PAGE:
By GRETCHEN REYNOLDS New York Times
What you eat, and when you eat it, in the days before a marathon may influence your race time.
It appears that despite the depredations of the big storm, the New York City Marathon is likely to take place as scheduled on Sunday. While the 47,000 runners entered have too little time to remedy any major lapses in training, there is one element that can still be tweaked, two new studies show: what to eat in the days before the race.
The ideal composition of a pre-marathon diet has been somewhat in dispute recently. For years, marathoners were told that they should swallow as many carbohydrates as possible in the week leading up to the race in order to “load” their muscles with stored carbohydrates, or glycogen, the readiest energy source for working muscles.
But such prolonged carbo-loading often leaves runners bloated and heavy; when muscles pack in glycogen, they also add water, and therefore weight, which must be hefted throughout the 26.2 miles of the marathon. Women, in particular, have been found in some studies to benefit little, if at all, from prolonged carbo-loading before marathons.
However, a study published last month in The International Journal of Sport Nutrition and Exercise Metabolism found that carbo-loading can be effective for both men and women — but is best if it’s truncated, encompassing only a day or so of dietary manipulation.
For the study, researchers at the University of Minnesota turned to a ready-made pool of volunteers, consisting of students enrolled in Physical Education 1262: Marathon Training, who were aiming to finish the local Eau Claire Marathon for class credit.
Forty-six students joined the study, 36 of them women and all but two of them first-time marathon runners.
Several weeks before the event, the runners completed a two-mile time trial, to determine their endurance and running ability.
Then, beginning three days before the race and continuing through breakfast on race morning, they kept detailed food diaries. They also noted, to the extent possible, what they ate and drank during the race.
All of the students finished the race, with an average time of 4 hours 43 minutes (and, one would hope, an A grade in P.E.).
But, statistical analysis showed, those runners, both men and women, who’d eaten the most carbohydrates on the day before the race finished faster than those who’d eaten fewer carbohydrates that day.
These results neatly replicate those of a larger study published last year of 257 male and female runners who completed the 2009 London Marathon. Those runners also kept detailed food and training diaries, which researchers compared with their finishing times. In this case, the scientists also tracked each runner’s pace at five-kilometer increments throughout the race.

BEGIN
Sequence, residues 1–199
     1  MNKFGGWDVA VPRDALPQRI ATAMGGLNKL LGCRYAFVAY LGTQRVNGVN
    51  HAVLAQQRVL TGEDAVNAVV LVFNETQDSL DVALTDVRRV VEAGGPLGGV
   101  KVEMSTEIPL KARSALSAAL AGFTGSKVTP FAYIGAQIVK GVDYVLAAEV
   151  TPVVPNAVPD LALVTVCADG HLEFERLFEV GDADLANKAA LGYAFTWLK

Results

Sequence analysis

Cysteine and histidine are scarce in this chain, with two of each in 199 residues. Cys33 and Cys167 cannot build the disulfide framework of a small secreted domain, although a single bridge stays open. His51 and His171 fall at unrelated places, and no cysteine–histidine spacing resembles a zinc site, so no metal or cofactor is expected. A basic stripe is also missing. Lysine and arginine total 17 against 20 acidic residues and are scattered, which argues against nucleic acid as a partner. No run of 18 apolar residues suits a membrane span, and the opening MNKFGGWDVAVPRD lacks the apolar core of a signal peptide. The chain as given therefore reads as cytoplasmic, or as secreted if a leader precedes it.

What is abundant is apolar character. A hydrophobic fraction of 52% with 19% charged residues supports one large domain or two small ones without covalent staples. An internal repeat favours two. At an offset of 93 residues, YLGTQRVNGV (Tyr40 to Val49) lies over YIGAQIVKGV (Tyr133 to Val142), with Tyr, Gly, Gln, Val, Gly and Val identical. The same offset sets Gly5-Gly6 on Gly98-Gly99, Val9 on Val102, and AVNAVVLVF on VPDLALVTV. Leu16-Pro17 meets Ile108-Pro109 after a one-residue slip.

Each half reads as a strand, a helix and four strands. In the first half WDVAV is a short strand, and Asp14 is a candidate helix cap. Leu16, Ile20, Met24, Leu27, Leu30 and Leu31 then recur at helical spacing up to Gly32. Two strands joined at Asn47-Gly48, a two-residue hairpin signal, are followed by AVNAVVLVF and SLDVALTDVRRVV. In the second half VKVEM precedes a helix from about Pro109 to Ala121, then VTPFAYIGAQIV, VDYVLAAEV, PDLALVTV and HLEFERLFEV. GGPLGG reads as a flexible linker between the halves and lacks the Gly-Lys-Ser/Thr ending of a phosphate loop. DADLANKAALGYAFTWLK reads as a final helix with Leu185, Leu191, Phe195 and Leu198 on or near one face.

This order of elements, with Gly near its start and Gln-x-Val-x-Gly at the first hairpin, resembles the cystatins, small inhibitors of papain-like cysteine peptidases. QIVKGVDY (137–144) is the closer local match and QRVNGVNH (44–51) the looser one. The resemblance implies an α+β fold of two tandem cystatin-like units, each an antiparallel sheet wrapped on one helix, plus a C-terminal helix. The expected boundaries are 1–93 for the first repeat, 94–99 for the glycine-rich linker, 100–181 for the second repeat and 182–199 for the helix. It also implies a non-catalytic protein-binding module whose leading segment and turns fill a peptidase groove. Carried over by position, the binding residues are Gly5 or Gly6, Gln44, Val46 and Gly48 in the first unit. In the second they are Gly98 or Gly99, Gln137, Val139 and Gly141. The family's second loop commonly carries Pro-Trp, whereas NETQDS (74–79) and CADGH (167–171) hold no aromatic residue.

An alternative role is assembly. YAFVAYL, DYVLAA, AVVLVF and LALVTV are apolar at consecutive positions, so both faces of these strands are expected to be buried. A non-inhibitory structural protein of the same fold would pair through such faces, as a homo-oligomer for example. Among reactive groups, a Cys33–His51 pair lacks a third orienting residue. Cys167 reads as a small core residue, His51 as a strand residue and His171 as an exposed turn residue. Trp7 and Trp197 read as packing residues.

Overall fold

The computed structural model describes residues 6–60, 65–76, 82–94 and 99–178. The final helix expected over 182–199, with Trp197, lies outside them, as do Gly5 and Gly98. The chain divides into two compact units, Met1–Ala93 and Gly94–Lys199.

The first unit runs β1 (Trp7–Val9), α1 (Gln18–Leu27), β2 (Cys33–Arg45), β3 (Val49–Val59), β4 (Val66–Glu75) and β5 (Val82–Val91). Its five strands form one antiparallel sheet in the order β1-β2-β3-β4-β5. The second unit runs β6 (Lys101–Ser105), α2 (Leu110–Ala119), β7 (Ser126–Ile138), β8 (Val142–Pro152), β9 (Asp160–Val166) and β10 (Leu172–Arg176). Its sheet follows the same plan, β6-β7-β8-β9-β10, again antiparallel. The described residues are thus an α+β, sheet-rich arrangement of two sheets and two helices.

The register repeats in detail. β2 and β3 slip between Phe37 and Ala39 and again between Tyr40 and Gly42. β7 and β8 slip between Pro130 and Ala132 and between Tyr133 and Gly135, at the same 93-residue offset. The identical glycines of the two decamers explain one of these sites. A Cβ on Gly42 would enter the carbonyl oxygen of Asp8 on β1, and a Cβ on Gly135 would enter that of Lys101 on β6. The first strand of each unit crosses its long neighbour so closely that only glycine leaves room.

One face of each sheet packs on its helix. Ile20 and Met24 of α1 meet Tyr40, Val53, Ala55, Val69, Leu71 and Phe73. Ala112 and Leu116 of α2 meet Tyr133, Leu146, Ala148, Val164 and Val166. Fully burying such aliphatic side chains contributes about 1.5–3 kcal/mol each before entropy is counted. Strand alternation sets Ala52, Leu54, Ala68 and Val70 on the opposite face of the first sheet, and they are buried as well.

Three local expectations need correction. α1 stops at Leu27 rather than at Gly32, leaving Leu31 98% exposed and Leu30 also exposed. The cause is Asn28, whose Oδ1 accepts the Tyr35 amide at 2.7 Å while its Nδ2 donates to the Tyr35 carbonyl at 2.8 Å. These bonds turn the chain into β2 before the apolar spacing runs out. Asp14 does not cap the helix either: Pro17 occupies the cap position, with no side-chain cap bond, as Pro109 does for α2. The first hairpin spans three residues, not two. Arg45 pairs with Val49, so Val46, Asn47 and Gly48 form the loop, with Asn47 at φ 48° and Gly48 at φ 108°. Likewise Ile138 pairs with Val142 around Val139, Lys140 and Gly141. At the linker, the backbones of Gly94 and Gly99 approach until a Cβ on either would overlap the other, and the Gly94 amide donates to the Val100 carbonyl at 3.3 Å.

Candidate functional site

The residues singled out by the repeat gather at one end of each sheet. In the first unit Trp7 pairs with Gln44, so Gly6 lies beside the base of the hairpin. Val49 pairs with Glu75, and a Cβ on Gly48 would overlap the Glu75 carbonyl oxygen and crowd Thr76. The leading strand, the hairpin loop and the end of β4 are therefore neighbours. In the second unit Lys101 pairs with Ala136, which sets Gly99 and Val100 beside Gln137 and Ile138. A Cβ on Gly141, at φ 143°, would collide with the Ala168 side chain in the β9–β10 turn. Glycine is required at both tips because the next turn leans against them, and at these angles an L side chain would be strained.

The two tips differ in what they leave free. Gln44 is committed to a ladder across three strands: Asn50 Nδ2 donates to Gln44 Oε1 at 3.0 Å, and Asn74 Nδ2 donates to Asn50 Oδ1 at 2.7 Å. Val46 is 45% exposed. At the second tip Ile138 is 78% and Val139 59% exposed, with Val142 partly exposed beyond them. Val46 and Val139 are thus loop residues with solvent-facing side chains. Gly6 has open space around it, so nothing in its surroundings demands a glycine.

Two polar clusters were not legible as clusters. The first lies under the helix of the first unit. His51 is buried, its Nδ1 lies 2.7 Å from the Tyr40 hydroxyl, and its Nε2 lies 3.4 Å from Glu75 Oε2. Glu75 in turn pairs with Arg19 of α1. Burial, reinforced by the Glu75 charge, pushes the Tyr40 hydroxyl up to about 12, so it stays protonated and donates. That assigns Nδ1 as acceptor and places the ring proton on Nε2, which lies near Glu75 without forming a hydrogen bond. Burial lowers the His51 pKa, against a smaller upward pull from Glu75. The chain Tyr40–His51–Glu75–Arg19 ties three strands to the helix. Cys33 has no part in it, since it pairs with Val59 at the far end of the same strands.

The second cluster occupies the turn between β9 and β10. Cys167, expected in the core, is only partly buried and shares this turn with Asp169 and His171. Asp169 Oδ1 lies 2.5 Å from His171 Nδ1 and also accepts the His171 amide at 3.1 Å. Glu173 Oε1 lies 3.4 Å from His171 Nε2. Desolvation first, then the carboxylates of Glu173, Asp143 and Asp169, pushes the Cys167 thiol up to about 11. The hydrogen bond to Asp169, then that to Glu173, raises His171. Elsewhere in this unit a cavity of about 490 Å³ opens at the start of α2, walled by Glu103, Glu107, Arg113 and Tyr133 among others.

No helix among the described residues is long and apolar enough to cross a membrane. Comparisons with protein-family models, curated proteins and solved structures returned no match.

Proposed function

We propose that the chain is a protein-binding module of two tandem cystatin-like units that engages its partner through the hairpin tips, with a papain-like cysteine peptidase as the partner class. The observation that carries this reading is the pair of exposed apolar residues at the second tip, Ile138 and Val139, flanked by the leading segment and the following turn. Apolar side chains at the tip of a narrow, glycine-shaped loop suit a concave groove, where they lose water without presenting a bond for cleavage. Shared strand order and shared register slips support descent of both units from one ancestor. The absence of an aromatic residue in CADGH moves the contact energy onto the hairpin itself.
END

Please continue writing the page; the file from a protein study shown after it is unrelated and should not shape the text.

They found that, as in the Minnesota study, runners who’d loaded up on carbohydrates the day before the race ran faster than those who had eaten fewer carbohydrates. The difference was especially striking beginning at about the 18-mile mark, just when many runners famously “hit the wall” and feel their energy flag. The carbo-loaded runners jauntily maintained their pace. The others did not.
In both studies, carbohydrates eaten at breakfast on race day, during the race itself or on days earlier in the week were relatively unimportant. It was primarily what people ate on the day before the race that mattered.
And yet, few of the runners in either study actually consumed enough carbohydrates to benefit, even if they thought that they were doing so. In both studies, the minimum effective “dose” of carbohydrates was at least six or seven grams for every kilogram of a person’s body weight, or about a quarter-ounce of carbohydrates for every 2.2 pounds of body weight. By that formula, a 220-pound runner would need to consume at least 25 ounces, or more than 700 grams, of carbohydrates on the day before a marathon to finish faster.
In the Minnesota study, fewer than a quarter of the marathoners consumed that many of carbohydrates on the day before the race. In the London study, barely 12 percent did.
What those numbers suggest is that many more marathon runners could benefit from a brief bout of carbo-loading than currently do. And the process itself is relatively simple, says Patrick Wilson, a graduate student at the University of Minnesota who led the study of novice runners. You don’t need to increase your food volume or calories the day before a race; just replace some fats or proteins with carbohydrates.
“I often tell people to choose relatively concentrated sources of carbs, like juices, pasta, rice and sweets,” Mr. Wilson says. “That way, the volume of food needed isn’t so enormous.” In addition, he says, “lower-fiber foods may be good, since that could reduce the potential for stomach distress during the race.” (According to a rather intrusive study this year, extremely high intake of carbohydrates was associated with faster times during endurance races but also with “nausea and flatulence.”)
Don’t completely upend your normal diet, though. “Stick to foods that are familiar,” Mr. Wilson says. “It’s always a bad idea to experiment right before a race.”
And don’t expect that diet alone will lift you from the back of the pack. In the British study, every increase of 1 gram per kilogram of body weight in the carbohydrates that runners consumed on the day before the race increased their speed by about 0.1 miles per hour.
Far more important in the overall determination of people’s finishing times was their training and their fundamental fitness. In the Minnesota study, the runners who were fastest during the time trial were fastest in the marathon, too.
You can’t alter your training or talent at this point. You can, though, have a chocolate chip cookie on Saturday and call it race preparedness.